The sense of shared values is a specific aspect of human sociality. It originates from reciprocal social exchanges that include imitation, and empathy, but also negotiation from which meanings, values and norms are eventually constructed with others. Research suggests that this process starts from birth via imitation and mirroring processes that are important foundations of sociality providing a basic sense of social connectedness and mutual acknowledgment with others. From the second month, mirroring, imitative and other contagious responses are bypassed. Neonatal (...) imitation gives way to first signs of reciprocation (primary intersubjectivity), and joint attention in reference to objects (secondary intersubjectivity). We review this development and propose a third level of intersubjectivity, that is the emergence of values that are jointly represented and negotiated with others, as well as the development of an ethical stance accompanying emerging theories of mind from about 4 years of age. We propose that tertiary intersubjectivity is an ontogenetically new process of value negotiation and mutual recognition that are the cardinal trademarks of human sociality. (shrink)
This chapter is devoted to reflecting on the role of empathy in interactions with people with profound intellectual disabilities. We have a duty to respect people with intellectual disabilities. Respect involves identification with a point of view. We owe them an effort at identification with their perspective. However, if intellectually disabled people’s communicative abilities are impaired, our apprehension of their point of view might be limited, reducing our ability to identify with them and respect them. To answer this challenge, I (...) appeal to empathy. Through imaginative empathy, we can learn to identify with their perspectives. I argue that empathy is a good moral guide and can be helpful in developing respectful attitudes toward people with profound intellectual disabilities. (shrink)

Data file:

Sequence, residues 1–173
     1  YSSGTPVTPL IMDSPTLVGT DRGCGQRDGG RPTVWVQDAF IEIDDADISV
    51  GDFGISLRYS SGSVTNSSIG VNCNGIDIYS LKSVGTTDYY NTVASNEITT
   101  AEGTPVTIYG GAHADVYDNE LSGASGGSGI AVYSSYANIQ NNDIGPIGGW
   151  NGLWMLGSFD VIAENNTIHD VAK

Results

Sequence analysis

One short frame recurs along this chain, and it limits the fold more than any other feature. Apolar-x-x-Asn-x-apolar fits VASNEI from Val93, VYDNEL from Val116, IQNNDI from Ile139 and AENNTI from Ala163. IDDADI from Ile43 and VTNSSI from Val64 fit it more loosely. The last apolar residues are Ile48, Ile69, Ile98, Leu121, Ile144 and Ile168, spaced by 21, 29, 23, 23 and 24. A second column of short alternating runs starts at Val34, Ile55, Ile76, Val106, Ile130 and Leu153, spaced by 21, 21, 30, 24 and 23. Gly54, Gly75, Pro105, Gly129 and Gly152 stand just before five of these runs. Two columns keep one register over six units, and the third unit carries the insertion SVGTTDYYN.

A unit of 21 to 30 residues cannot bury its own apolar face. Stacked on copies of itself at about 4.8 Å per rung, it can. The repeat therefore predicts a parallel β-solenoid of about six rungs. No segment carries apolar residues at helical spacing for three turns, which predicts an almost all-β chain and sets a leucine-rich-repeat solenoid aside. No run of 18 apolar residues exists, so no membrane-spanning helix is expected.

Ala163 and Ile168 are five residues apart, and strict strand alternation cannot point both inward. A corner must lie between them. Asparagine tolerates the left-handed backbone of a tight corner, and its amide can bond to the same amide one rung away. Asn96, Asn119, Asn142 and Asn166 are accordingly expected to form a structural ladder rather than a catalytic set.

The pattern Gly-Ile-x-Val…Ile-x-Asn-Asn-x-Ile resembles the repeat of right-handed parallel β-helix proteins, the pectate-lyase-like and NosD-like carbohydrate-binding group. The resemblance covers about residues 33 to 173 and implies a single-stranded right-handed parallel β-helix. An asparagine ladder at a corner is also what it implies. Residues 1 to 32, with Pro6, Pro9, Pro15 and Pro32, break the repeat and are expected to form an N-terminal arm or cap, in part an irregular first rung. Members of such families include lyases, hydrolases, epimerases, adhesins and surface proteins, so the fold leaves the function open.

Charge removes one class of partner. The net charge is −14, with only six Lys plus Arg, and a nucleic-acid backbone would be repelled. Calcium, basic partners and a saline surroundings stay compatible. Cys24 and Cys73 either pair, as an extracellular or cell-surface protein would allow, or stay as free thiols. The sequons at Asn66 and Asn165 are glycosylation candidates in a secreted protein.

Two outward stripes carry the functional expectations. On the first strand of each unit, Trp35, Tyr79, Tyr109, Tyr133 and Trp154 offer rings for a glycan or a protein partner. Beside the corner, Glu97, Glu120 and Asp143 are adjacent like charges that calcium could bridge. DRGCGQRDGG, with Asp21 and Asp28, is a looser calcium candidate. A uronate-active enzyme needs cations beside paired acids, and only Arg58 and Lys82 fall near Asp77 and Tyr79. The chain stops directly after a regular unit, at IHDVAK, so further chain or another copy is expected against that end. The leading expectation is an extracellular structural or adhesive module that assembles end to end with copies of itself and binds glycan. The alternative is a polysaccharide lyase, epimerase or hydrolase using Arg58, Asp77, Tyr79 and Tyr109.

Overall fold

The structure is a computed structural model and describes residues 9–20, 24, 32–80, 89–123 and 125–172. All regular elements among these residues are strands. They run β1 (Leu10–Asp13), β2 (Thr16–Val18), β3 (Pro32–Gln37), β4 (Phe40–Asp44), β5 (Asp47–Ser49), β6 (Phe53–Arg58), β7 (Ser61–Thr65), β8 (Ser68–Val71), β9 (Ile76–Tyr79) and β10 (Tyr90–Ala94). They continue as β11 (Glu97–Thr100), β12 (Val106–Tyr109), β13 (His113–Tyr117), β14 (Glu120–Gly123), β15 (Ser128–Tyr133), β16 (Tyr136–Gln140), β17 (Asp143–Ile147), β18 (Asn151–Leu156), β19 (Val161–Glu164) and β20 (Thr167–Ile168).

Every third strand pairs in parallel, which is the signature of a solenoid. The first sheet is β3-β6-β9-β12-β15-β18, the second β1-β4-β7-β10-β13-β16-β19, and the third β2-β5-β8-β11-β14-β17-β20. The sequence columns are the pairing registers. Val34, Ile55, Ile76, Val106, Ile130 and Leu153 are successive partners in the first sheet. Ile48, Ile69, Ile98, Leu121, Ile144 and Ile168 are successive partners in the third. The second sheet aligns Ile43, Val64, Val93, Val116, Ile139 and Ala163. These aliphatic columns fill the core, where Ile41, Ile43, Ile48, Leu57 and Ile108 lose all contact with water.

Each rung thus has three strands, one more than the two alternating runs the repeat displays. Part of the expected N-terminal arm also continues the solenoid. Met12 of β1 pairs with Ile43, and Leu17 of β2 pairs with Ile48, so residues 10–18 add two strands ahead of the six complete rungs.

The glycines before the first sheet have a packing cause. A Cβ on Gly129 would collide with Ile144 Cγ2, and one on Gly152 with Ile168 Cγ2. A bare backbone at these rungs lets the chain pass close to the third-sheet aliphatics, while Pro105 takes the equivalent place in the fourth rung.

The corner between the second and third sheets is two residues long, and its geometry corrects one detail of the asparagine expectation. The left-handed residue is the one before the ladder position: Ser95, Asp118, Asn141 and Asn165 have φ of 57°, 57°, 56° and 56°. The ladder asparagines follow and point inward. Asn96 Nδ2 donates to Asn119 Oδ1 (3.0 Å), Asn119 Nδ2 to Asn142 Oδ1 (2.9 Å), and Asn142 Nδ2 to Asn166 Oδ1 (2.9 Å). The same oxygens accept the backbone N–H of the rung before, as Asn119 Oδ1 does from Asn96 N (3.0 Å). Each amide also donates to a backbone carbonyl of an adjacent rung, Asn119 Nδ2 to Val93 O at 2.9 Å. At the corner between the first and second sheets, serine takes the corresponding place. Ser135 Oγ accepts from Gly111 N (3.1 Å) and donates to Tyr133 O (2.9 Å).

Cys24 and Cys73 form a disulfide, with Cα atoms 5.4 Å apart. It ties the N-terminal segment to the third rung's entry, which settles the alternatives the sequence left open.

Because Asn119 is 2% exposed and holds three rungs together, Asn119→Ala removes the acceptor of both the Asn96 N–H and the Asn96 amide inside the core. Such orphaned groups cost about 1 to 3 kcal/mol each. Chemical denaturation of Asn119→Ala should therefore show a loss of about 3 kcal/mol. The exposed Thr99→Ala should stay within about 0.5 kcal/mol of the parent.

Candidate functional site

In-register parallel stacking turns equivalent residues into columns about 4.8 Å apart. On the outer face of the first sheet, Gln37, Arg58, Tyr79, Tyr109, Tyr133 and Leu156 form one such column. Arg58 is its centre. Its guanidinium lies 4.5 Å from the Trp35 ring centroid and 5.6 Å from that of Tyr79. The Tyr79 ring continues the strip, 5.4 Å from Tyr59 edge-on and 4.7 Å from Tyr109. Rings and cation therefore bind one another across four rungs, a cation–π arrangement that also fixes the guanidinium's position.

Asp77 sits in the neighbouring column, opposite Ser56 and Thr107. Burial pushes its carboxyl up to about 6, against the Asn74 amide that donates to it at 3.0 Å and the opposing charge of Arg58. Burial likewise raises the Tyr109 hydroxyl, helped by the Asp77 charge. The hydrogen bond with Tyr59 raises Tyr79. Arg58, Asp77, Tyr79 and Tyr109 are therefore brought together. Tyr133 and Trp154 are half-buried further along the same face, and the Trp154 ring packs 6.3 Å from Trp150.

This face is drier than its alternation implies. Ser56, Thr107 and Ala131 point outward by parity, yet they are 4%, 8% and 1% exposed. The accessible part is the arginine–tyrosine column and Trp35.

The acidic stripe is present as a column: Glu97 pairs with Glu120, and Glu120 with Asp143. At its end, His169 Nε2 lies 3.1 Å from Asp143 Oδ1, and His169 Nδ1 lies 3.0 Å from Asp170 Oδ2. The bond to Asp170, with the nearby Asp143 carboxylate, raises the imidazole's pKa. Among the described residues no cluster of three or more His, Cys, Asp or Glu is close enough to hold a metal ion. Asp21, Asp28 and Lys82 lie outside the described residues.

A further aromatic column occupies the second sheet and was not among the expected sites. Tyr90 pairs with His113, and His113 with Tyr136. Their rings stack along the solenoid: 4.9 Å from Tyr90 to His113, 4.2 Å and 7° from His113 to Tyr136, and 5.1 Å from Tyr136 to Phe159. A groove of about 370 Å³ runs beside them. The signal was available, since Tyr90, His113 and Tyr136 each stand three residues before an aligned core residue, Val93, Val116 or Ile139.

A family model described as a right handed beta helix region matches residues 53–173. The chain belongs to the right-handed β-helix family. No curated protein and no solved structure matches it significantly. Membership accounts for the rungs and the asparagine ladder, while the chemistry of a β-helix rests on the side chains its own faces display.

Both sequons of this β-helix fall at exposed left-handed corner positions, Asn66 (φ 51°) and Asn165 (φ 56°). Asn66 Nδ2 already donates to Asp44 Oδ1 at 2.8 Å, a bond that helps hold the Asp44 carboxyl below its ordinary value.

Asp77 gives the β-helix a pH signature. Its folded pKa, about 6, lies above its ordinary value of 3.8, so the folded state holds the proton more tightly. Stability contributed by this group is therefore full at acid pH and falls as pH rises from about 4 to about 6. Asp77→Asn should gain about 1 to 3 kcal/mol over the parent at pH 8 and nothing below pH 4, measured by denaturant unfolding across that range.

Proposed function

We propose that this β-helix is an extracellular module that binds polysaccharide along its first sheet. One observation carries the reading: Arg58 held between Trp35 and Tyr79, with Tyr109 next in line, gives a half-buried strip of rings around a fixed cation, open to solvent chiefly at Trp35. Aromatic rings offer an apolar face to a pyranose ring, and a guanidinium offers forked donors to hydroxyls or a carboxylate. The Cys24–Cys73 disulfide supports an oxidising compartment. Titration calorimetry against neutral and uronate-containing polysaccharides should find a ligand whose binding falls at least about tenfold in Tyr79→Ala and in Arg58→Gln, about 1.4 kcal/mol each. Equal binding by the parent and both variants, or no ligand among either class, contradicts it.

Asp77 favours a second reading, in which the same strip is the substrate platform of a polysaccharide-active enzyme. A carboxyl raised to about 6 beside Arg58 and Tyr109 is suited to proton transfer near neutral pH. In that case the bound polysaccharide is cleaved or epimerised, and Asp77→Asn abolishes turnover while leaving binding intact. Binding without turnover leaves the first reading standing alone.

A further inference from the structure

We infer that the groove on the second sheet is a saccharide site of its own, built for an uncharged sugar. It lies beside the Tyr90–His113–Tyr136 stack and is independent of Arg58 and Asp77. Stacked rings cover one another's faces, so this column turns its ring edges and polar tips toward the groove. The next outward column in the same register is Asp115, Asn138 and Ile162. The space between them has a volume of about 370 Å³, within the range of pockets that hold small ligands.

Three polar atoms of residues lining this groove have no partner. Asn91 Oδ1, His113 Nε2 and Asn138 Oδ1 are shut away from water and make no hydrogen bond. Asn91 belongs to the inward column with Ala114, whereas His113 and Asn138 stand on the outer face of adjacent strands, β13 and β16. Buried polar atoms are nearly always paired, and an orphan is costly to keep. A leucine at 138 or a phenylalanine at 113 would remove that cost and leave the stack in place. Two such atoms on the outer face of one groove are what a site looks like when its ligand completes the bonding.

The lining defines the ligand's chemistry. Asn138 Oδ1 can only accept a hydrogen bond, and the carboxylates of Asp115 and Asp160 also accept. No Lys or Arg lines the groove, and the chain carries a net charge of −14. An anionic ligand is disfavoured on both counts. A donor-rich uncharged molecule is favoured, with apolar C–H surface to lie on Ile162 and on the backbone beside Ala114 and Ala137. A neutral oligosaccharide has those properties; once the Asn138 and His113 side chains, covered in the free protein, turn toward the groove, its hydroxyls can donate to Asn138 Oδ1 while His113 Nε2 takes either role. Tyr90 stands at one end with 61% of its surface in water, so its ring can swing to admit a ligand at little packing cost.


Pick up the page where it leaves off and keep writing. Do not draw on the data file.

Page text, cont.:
I argue that newborn infants are conscious. I propose a methodology for investigating infant consciousness, and I present two approaches for determining whether newborns are conscious. First, I consider behavioral and neurobiological markers of consciousness. Second, I investigate the major theories of consciousness, including both philosophical and scientific theories, and I discuss what they predict about infant consciousness.
Our goal is to investigate the notion of self-agency in William James and Donald Winnicott. With James, we examine the descriptive element of what constitutes a self. With Winnicott, we explore his explanatory theory on self-emergence. Winnicott's perspective is presented here as the prehistory of the Jamesian self. James's conception of self is similar to the Winnicottian notion of an "integrated self", an embodied position that emerges from the organism's actions in the experiential field. The combination of the two approaches (...) leads to the idea that the self is a flux of identities emerging in interaction with others in the "transitional space" (an intermediate area of experience). (shrink)
Social animals need to share space and resources, whether sexual partners, parents, or food. Sharing is indeed at the core of social life. Humans, however, of all social animals, have distinct ways of sharing. They evolved to become Homo Negotiatus; a species that is prone to bargain and to dispute the value of things until some agreement is reached.